My friend Ellouise sent this out from Barbara who was the greeter/parking organizer at the Peace House in Crawford, TX while Camp Casey was set up this summer. I have met Barbara a couple times... with a mutual friend over coffee and when she asked me to help set up tents at Camp Casey on the Mall in September. She typifies the energy and intelligence that is the essential uniting element of the new Women's Peace Movement. The emergent women's network is a wonderful thing. Without it I can't imagine how I would have found out about the
Bring Their Buddies Home Memorial
Here's Barbara's letter (that went out to Camp Casey Alumni):
San Diego Ca is a well known, conservative military town. People who live here enjoy sun, surf, and year around good times.
On Friday afternoon people dressed all in black started to gather along the coast in Carlsbad, Ca, just north of San Diego. They came in two and threes. They came in wheelchairs. They came with dogs and baby joggers. They rode bikes. They walked. The coaster was full of people dressed in balck. They were singles and couples and families. One family had four generations. Many came with teen and pre-teen children. There were baby boomers and their parents. There were Vietnam era vets. There were active duty Marines. There were young soldiers, Iraqi vets. There were families who had lost a son or daughter in Iraq. There was a young boy who had lost his grandfather in Iraq.
Friday was a beautiful sunny day with a bit of haze over the ocean. The malls opened early and people trampled each other to grab a "discounted" item. Hundreds stood in predawn lines to be first. Afterall, didn't the president tell us to shop? Don't worry about the terrorists, the war, the dead soldiers, just shop.
So what were these people doing lining up along the coast? Paying silent tribute to the fallen in Iraq. Brainchild of Jeeni Criscenzo, candidate for congress in San Diego county, BRING THEIR BUDDIES HOME, had brought this diverse group out. There were no signs, banners or shouting slogans. It was a respectful, thoughtful way to recognize the sacrifice of the soldiers who have been killed in Iraq and Afganistan.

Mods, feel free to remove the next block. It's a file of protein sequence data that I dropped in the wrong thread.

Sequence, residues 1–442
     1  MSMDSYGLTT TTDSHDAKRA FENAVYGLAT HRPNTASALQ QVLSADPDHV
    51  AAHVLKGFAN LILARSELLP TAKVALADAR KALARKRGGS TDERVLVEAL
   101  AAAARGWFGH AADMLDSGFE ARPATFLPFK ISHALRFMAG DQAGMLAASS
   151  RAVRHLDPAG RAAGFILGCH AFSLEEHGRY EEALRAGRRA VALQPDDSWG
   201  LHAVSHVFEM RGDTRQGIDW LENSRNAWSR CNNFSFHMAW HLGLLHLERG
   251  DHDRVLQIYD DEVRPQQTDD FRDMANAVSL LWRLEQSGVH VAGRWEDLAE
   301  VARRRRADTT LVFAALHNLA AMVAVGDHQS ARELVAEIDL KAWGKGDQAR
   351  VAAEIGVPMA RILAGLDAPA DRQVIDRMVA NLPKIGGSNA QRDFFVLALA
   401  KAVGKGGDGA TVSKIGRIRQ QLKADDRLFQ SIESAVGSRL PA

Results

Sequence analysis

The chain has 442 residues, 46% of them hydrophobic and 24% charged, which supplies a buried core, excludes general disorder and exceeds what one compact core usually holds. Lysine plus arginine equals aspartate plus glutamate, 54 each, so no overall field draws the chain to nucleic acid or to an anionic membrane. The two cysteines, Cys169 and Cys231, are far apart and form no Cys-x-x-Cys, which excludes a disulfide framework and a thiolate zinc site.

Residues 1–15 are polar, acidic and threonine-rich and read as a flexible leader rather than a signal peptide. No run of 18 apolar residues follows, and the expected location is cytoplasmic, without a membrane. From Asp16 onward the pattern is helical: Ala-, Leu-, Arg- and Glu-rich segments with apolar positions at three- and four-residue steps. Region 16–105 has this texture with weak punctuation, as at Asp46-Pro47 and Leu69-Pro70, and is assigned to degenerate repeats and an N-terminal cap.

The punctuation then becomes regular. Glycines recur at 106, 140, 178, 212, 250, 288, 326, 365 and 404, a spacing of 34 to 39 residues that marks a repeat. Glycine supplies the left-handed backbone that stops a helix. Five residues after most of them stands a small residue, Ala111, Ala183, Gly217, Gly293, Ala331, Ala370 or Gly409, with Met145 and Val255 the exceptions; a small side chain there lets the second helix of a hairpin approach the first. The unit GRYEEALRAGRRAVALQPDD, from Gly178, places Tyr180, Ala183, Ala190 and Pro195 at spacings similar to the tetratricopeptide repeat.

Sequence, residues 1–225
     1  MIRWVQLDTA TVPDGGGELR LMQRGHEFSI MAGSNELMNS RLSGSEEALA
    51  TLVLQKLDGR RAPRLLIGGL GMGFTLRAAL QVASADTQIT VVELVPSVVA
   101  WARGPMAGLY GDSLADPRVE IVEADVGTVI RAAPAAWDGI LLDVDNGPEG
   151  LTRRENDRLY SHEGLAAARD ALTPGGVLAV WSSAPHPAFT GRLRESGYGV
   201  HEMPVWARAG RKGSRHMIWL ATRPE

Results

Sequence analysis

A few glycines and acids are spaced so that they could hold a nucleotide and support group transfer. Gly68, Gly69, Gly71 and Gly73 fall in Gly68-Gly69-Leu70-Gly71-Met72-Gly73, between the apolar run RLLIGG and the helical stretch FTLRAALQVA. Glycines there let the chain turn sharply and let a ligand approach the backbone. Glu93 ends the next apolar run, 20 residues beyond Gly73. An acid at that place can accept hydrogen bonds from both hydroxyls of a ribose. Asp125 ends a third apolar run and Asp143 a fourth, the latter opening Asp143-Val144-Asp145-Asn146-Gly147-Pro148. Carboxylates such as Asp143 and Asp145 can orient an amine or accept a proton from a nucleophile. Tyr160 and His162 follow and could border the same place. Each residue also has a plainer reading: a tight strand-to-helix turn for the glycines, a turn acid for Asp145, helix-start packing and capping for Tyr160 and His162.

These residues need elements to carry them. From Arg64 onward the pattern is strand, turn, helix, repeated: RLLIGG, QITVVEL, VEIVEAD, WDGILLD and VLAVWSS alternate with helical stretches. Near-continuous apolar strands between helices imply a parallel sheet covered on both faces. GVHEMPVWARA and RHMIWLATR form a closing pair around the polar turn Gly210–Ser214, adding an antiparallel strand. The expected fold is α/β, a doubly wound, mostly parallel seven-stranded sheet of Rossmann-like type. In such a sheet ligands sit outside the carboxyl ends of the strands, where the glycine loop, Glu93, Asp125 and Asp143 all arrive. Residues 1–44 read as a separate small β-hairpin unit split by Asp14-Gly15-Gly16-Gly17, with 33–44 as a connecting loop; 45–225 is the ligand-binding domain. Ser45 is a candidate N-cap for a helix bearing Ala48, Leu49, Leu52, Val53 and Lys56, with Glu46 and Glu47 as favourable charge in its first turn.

They came and kept coming. Volunteers led groups of 15-20 to the end of the line. They stood quietly side by side, acknowledging passing cars and pedestriains strolling along the beach with a smile, nod or thumbs up. They stood for over two hours and still they came. The line would end up stretching for one mile and consist of 1000 people, give or take a few. The local papers and press were all there. It made the evening news on all three networks. The local Air America host was there, standing in the line. Not for show, but because he cared.
Many of the San Diegans who were in Crawford Tx in August were there. I am one of that group. I would have been in Crawford with Cindy, Ann Wright and Daniel Ellsberg, had I not been down with the flu. The turnout was beyond my wildest expectation. Imagine that, the day after Thanksgiving, spending the day standing in a line along the beach with 1000 of my closest friends! Who could ask for anything more?
A Proud San Diegan